Repetitive Behavior and Restricted Interests in Young Children with Autism: Comparisons with Controls and Stability Over 2 Years
Article first published online: 18 JUL 2013
© 2013 International Society for Autism Research, Wiley Periodicals, Inc.
Volume 6, Issue 6, pages 584–595, December 2013
How to Cite
Joseph, L., Thurm, A., Farmer, C. and Shumway, S. (2013), Repetitive Behavior and Restricted Interests in Young Children with Autism: Comparisons with Controls and Stability Over 2 Years. Autism Res, 6: 584–595. doi: 10.1002/aur.1316
- Issue published online: 18 DEC 2013
- Article first published online: 18 JUL 2013
- Manuscript Accepted: 17 JUN 2013
- Manuscript Received: 31 OCT 2012
- National Institute of Mental Health [NIMH]
- autism spectrum disorders;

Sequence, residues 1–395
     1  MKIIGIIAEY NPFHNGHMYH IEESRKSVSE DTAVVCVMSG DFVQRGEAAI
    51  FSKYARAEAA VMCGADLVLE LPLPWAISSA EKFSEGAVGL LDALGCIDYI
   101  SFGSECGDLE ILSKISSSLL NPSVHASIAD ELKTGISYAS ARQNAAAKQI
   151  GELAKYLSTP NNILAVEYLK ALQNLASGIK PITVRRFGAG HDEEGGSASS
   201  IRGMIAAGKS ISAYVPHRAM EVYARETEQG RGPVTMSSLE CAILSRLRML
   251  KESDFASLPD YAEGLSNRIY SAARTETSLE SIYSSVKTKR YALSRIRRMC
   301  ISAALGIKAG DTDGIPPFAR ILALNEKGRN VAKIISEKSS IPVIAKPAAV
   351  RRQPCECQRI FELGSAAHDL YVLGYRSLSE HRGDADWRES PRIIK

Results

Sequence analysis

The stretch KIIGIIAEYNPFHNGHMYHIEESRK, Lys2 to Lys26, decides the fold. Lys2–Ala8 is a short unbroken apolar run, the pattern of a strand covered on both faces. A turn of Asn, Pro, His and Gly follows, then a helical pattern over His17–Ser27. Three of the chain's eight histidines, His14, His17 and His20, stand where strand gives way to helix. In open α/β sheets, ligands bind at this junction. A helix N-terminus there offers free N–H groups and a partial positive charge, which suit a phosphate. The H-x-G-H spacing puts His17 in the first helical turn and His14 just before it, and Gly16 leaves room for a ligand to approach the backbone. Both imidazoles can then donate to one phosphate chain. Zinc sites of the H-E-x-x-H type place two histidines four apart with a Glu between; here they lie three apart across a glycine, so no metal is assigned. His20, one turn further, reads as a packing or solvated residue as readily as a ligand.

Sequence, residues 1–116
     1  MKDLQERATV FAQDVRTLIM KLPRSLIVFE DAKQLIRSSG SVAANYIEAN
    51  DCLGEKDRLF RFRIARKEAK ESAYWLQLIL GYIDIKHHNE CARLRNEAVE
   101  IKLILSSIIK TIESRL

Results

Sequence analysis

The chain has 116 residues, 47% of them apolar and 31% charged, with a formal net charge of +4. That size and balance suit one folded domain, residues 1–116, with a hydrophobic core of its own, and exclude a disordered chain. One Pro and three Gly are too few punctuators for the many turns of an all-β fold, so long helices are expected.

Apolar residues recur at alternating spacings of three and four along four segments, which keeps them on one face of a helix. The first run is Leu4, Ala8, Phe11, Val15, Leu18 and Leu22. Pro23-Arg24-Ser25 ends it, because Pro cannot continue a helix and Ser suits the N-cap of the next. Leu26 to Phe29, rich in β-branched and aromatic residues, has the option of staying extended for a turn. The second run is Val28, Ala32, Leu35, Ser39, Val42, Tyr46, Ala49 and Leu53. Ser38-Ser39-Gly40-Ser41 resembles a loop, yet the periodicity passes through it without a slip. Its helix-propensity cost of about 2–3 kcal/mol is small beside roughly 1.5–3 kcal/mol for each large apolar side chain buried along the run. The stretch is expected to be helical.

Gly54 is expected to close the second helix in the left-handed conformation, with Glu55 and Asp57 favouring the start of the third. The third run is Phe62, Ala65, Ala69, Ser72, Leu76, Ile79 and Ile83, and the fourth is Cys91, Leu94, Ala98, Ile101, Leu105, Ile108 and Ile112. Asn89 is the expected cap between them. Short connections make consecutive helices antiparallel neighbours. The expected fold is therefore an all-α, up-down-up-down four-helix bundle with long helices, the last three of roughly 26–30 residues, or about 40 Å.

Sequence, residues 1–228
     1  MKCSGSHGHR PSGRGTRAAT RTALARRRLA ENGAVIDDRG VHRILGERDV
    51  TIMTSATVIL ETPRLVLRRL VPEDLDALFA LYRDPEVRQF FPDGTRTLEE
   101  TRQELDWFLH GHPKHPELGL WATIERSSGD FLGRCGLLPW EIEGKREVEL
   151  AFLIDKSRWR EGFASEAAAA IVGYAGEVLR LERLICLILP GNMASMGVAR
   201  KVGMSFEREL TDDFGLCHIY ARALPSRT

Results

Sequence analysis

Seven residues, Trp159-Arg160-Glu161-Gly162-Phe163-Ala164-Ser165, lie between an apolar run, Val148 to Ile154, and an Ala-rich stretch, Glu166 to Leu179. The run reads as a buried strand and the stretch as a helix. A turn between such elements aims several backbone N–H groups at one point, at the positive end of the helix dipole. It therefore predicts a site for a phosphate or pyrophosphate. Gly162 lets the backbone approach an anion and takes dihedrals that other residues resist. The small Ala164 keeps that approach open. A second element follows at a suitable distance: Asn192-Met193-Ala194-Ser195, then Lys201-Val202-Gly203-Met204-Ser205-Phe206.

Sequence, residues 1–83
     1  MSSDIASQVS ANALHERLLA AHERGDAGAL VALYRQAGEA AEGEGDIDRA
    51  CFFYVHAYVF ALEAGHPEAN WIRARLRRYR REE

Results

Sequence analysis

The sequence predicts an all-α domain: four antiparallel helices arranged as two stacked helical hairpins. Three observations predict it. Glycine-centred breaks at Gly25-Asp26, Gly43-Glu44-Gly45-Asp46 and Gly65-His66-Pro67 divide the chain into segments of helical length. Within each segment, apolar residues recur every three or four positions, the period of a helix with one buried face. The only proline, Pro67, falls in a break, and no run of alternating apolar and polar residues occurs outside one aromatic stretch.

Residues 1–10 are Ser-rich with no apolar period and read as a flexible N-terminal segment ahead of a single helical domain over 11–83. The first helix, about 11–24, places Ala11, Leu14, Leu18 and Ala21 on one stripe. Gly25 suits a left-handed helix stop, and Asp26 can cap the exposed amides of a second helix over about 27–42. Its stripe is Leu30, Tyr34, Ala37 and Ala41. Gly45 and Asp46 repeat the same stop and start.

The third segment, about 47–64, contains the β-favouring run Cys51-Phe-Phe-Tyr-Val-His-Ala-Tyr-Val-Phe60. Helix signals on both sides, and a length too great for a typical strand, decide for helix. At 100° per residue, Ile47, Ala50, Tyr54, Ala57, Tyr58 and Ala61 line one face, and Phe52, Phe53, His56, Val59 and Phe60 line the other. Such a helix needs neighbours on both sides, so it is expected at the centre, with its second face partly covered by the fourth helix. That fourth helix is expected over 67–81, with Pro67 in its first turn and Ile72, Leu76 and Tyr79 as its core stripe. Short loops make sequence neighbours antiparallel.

- repetitive behaviors;
- young children;
Restricted, repetitive and stereotyped patterns of behavior, interests and activities [RRBs] are among the core symptoms of autism spectrum disorders (ASD). Previous studies have indicated that RRBs differentiate ASD from other developmental disorders and from typical development. This study examined the presentation of RRBs as reported on the Repetitive Behavior Scale-Revised, a caregiver report, in children with ASD [separated into autism and Pervasive Developmental Disorder-Not Otherwise Specified groups] compared with children with nonspectrum developmental delays or typical development. We examined the role of age, cognitive functioning, sex and social communication impairment as they relate to RRBs. The stability of RRBs in children with autism was also examined over the course of 2 years. Results of the study confirmed that the amount and type of RRBs differs by diagnosis. Age, cognitive functioning, sex and social-communication impairment were not significant correlates. Among children with autism, RRBs remained stable over time. Autism Res 2013, 6: 584–595. © 2013 International Society for Autism Research, Wiley Periodicals, Inc.